New Delhi: India’s competition commission is amending rules it had earlier proposed and will now have to approve only significant mergers and acquisitions, or M&As, in a move that will bring cheer to industry bodies that had been lobbying for this.
Small M&As will no longer need the body’s approval.
The new regulations will ensure the commission doesn’t act as a bottleneck and that the pace of M&A activity here continues. In 2007, Indian firms made 1,070 transactions valued at $72.2 billion, a growth of 156% in value terms over 2006, according to a report by PricewaterhouseCoopers.
More relaxed norms for M&As (Graphic)
The Competition Commission of India, the body that will look at competitive (and anti-competitive) practices, will start work towards the end of 2008. Draft regulations (or rules) governing what the commission would have to monitor were framed last year but the intrusive nature of these—most M&As would have had to be cleared by CCI—didn’t find favour with industry bodies.
Last week, the government decided to change these rules.
“A decision to make changes in the draft regulations...was taken at the CCI advisory committee meeting held on 7 June. The 23-member committee comprises experts in the areas of competition law, M&As as also representatives from trade and industry,” said a senior government official who did not wish to be identified.
Under the new norms, a large firm can acquire a smaller company with a turnover up to Rs600 crore (or assets of up to Rs200 crore) without having to get a clearance from CCI even if the combined turnover of the two companies exceeds Rs3,000 crore—a previously defined limit for notifying and securing approval from CCI.
The new norms also say that in the case of Indian companies with an overseas presence, only those with revenues of at least Rs6,000 crore (Rs3,000 crore in the earlier rules) need to inform CCI before making an acquisition in India or elsewhere. For conglomerates with a global presence, this limit becomes Rs24,000 crore (Rs12,000 crore earlier).
However, in both these cases, the companies and conglomerates will have to approach the commission for approval if the combined revenues of the Indian operations of the acquirer and the acquired are at least Rs1,500 crore with the smaller operation having at least Rs600 crore in revenues (if the combined revenue exceeds Rs1,500 crore but the smaller company has a revenue of only Rs400 crore, there is no need for a CCI approval).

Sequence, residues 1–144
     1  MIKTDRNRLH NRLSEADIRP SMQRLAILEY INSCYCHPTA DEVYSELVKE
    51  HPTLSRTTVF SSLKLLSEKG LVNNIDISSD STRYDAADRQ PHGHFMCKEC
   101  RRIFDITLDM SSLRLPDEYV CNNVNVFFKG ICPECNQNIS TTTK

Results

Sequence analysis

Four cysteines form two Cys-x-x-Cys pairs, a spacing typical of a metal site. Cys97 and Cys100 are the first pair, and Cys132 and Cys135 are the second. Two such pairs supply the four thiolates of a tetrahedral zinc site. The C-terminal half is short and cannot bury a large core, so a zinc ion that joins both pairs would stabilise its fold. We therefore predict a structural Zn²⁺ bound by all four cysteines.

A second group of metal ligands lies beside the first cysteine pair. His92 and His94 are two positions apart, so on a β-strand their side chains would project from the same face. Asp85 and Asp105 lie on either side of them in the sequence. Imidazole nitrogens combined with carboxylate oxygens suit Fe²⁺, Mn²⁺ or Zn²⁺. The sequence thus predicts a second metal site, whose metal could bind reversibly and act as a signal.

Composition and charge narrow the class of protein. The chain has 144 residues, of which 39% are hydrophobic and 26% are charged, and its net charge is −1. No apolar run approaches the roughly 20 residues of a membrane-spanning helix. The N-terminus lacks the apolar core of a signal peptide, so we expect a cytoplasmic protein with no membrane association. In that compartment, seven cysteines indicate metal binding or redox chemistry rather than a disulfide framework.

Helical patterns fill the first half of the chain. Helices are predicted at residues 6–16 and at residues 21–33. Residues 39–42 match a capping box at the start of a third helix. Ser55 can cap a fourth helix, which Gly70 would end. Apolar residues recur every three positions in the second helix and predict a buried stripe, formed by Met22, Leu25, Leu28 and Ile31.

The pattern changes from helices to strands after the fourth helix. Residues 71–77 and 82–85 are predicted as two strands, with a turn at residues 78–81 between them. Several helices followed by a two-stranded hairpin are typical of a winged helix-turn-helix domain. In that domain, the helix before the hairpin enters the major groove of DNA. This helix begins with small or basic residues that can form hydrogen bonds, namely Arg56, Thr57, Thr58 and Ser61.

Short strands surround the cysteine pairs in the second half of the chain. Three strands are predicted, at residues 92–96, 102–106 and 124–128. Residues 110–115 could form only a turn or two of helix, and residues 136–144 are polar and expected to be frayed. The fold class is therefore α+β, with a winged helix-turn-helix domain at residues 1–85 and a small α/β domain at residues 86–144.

The official said that in an attempt to ensure CCI rules are aligned with those of stock market regulator Sebi, a few more changes have been made. Thus, firms can acquire up to 15% equity in other companies (without a controlling stake), or up to 5% a year without having to inform CCI.
Experts endorse the government’s move to keep small and insignificant M&As off the CCI’s ambit. “Notifying the competition authority about any M&A involves procedural delays. It is good that CCI has followed a consultative approach and has taken care of the concerns raised by the industry. This will make the process less cumbersome,” said G.R. Bhatia, partner at Luthra and Luthra Law Offices.
He, however, added that CCI needs to expand the scope of its review.
“For instance, there are cases where a company picking up just a minority stake in another company would still enjoy a veto. Won’t that be tantamount to having a kind of controlling stake? These are certain things that the CCI needs to check,” said Bhatia.
Bhatia also sought to allay the fears of firms coming under the CCI’s scanner. “Global experience suggests that over 90% of M&As that are notified to competition authorities are cleared at the first instance, and only 5-10% cases are such where competition issues crop up,” he said.
Vinod Dhall, acting chairman, CCI, said: “To speed up clearance of M&As which are unlikely to have adverse effect on competition, the draft regulation provides that all such transactions would be cleared in 30 days after which they are deemed approved unless the CCI takes an exception to the case.”
This, Dhall added, would happen only in rare cases, where there is apparent adverse impact on competition and CCI may take up to 210 days to approve such deals.